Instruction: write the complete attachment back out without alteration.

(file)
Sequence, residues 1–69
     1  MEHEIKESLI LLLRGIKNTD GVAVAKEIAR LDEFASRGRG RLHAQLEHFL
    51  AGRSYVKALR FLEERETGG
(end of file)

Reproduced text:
Sequence, residues 1–69
     1  MEHEIKESLI LLLRGIKNTD GVAVAKEIAR LDEFASRGRG RLHAQLEHFL
    51  AGRSYVKALR FLEERETGG